Currently, there are just approximately two thousand five hundred operational Jungian Psychotherapists in the whole universe. An individual can only qualify as a Jungian Psychotherapist after undergoing and fully completing the complex training program in Jungian Psychotherapy in addition to holding at least a Degree in Analytical Psychology, which must be obtained after completing the program in a well-known Jungian College. IAAP (International Association for Analytical Psychology) is the body mandated to accredit the Jungian Psychotherapist training institutions, whose degree has the same weight as a doctorate in general psychology or philosophy. It is always advisable for those interested in being Jungian Psychotherapists to first obtain a minimum of a master’s degree prior to their application for this training, a move assumed to be the pillar for extensive training of being an all-round and productive Jungian Psychotherapist. This special training is organized such that it needs at least 4 extra years depending on both the institution and the aspiring Jungian Psychotherapist.

Every individual interested in joining the world of Jungian Psychotherapy should be ready to learn, aside from the theories of general psychology, how to integrate the innovative expressions of conscious, e.g. mythology, interpretation of image and art, fairy tale and, dream work as well as several other relevant disciplines inclusive of ethnology and comparative religions. Furthermore, they should have the zeal and patience of taking lectures, seminars and tutorials for a minimum of 4 years comprising of a very comprehensive psychotherapist internship, 2 years observed clinical psychotherapy work, a well-written and defended thesis and a 2 phases of detailed oral exams. Definitely, a Jungian Psychotherapist is not just like any other therapist out there since their work entails what other might view as deeper penetration into human life with the intention of dealing with certain health complications.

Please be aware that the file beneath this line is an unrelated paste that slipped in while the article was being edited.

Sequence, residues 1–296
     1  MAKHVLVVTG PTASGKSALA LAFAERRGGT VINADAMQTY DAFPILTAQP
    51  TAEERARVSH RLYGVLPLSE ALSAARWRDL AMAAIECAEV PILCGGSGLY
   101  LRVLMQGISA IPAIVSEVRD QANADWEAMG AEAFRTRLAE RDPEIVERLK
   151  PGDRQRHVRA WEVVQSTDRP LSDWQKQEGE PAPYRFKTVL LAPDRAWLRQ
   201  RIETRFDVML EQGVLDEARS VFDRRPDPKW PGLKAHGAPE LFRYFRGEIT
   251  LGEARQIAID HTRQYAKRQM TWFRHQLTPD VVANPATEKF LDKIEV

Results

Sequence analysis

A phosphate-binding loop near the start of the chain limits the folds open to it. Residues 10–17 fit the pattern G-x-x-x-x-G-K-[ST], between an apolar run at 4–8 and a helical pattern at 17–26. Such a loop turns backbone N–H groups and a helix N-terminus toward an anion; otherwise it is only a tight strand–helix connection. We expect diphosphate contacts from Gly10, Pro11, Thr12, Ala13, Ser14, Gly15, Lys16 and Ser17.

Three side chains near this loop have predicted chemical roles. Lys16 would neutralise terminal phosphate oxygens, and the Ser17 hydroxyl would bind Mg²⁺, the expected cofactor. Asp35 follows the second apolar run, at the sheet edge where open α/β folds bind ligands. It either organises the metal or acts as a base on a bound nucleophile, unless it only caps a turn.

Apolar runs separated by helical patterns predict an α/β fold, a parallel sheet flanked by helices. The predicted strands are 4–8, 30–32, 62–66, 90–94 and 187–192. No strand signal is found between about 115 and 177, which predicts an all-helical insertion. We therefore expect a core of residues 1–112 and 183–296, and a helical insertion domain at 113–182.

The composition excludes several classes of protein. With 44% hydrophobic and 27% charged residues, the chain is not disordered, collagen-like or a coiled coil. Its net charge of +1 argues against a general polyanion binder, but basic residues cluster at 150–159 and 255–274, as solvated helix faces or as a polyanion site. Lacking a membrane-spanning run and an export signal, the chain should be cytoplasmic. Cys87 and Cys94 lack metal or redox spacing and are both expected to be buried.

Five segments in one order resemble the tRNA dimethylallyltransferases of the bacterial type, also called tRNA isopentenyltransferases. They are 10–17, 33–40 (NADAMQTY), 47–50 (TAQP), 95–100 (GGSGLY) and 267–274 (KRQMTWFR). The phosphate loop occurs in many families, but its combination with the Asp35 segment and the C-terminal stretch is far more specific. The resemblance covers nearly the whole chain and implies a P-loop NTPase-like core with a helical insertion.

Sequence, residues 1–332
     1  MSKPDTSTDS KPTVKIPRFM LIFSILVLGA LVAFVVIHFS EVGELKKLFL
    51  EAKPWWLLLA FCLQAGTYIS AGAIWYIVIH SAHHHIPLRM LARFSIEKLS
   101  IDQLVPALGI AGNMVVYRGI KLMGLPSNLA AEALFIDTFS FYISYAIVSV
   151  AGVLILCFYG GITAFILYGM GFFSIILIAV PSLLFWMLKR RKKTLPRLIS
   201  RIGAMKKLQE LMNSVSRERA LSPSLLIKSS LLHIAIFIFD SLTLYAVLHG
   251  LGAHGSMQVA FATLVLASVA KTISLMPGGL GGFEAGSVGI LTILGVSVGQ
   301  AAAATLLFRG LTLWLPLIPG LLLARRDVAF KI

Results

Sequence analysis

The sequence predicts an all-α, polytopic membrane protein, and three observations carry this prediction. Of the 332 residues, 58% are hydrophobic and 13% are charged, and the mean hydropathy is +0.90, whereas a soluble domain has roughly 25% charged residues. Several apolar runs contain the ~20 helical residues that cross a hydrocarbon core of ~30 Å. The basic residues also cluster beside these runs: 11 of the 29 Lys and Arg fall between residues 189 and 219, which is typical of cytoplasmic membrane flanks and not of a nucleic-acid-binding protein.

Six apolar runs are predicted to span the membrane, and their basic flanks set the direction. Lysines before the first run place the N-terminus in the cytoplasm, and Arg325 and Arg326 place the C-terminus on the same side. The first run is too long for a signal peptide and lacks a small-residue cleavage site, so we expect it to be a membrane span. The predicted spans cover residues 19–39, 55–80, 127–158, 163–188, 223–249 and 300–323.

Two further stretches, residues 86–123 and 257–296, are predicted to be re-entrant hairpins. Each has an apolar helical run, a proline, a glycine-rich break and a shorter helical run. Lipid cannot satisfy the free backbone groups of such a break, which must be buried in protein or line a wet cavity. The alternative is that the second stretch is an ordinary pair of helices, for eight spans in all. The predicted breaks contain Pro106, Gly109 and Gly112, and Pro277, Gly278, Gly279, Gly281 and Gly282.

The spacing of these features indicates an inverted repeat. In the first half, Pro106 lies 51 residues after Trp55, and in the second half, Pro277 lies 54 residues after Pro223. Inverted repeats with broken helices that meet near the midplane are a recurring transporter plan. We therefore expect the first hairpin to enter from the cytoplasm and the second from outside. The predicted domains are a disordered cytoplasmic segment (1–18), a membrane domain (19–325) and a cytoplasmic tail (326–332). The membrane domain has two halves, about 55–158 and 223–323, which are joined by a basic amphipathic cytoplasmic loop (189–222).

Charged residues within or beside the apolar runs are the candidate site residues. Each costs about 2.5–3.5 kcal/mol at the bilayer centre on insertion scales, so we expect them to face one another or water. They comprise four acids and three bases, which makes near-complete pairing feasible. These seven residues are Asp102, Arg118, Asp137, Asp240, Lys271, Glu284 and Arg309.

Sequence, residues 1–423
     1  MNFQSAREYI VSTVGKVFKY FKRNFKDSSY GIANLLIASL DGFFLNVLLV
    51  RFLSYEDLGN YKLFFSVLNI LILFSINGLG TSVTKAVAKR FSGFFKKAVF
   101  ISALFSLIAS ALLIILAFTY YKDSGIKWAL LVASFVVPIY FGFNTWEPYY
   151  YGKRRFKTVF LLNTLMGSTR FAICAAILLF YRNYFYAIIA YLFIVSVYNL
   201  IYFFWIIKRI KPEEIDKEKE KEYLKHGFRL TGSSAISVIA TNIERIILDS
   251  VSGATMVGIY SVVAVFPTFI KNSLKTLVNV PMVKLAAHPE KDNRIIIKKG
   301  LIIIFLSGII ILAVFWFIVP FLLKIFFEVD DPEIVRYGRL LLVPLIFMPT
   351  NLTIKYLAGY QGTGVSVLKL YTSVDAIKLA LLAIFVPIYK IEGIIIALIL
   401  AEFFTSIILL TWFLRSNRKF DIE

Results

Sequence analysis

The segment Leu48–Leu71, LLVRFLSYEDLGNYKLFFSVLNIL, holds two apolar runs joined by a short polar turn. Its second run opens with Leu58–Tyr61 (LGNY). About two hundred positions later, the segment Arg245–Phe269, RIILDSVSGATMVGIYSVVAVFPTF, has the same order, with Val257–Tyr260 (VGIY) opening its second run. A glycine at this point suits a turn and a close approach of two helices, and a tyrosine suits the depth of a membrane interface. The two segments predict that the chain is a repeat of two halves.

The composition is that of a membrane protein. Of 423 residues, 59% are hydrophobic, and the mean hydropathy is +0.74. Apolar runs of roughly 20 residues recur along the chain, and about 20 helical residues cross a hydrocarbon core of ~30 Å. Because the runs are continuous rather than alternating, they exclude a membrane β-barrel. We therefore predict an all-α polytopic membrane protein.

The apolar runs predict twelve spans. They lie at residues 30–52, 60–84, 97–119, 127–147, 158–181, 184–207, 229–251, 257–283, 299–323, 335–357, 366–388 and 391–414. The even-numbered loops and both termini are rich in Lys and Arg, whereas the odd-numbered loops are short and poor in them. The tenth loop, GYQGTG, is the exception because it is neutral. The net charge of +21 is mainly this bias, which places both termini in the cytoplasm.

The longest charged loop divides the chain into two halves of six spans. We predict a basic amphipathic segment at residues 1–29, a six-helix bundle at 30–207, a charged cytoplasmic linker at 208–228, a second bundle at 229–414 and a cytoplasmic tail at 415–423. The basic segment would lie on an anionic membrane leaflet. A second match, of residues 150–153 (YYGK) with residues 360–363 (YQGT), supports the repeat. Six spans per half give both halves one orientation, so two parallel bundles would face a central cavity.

The Jungian Psychotherapist training also insists on a serious individual evaluation that can last for as long as three hundred hours. This is supported strongly by Jung’s concept and statement: “We have learned to place in the foreground the personality of the doctor himself as a curative or harmful factor; what is now demanded is his own transformation – the self-education of the educator.” To confirm that Jung was serious with the concept of personal analysis when it comes to Jungian Psychotherapist training, we can further refer to his famous statement, “The doctor can no longer evade his own difficulty by treating the difficulties of others: the man who suffers from a running abscess is not fit to perform a surgical operation.”